TUCSON, Ariz. -- Jim LaRue, who coached Arizona's football team for eight seasons and guided the Wildcats to an 8-1-1 record in 1961 and a share of the Western Athletic Conference championship in 1964 before becoming an NFL assistant, has died. He was 89.
The university announced LaRue's death Monday.
The Arizona Daily Star reported LaRue died Sunday night at an assisted living facility in Tucson. A cause of death wasn't immediately released.
LaRue coached the Wildcats from 1959-66 and had a 41-37-2 record.
He led the team to a 6-3-1 mark in 1964 and a share of the WAC title as Arizona, Utah and New Mexico all had 3-1 conference records that year.
But the Wildcats went 3-7 in each of the next two seasons and LaRue was replaced.
"We are saddened to hear the news of Coach LaRue's passing," Arizona athletic director Greg Byrne said in a statement. "He was a positive representative of our department and our football program. His teams and his legacy are an important part of our football program's history."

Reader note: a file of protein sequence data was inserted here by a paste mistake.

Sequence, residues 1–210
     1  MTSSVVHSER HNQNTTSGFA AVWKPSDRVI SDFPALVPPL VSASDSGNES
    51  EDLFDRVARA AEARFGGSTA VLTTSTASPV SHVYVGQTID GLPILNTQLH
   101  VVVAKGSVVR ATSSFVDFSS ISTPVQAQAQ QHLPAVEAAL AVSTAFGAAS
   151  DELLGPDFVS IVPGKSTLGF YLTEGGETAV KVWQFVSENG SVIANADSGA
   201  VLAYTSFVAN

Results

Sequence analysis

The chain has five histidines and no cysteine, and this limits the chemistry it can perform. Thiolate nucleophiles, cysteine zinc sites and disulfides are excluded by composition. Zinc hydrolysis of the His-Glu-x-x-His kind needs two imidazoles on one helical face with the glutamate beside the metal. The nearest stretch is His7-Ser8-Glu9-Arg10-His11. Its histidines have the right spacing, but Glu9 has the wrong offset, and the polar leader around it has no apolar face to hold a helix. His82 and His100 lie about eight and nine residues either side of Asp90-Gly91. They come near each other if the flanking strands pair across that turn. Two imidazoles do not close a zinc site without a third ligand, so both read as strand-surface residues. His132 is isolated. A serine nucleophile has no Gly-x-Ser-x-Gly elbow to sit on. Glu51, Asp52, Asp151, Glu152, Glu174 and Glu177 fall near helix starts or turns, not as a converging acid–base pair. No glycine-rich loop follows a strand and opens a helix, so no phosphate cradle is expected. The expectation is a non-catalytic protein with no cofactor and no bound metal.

LaRue later was an NFL assistant coach with Buffalo in 1976 and Chicago from 1978-89 and was on the staff of the Bears' 1985 Super Bowl championship team.
Born in Clinton, Oklahoma, LaRue was a halfback at Carson-Newman, Duke and Maryland from 1942-49 before getting into coaching.
He was a running backs coach at Houston in 1955-56 and took the Arizona job after a couple years away from football.
LaRue later was an assistant at Utah (1968-73) and Wake Forest (1974-75) and then headed to the NFL.
With the Bears, LaRue coached the secondary. Chicago went 15-1 in the 1985 regular season and shut out both playoff opponents to reach the Super Bowl in New Orleans, where the Bears beat New England 46-10.
Funeral services are scheduled for April 6 at Christ Church United Methodist in Tucson.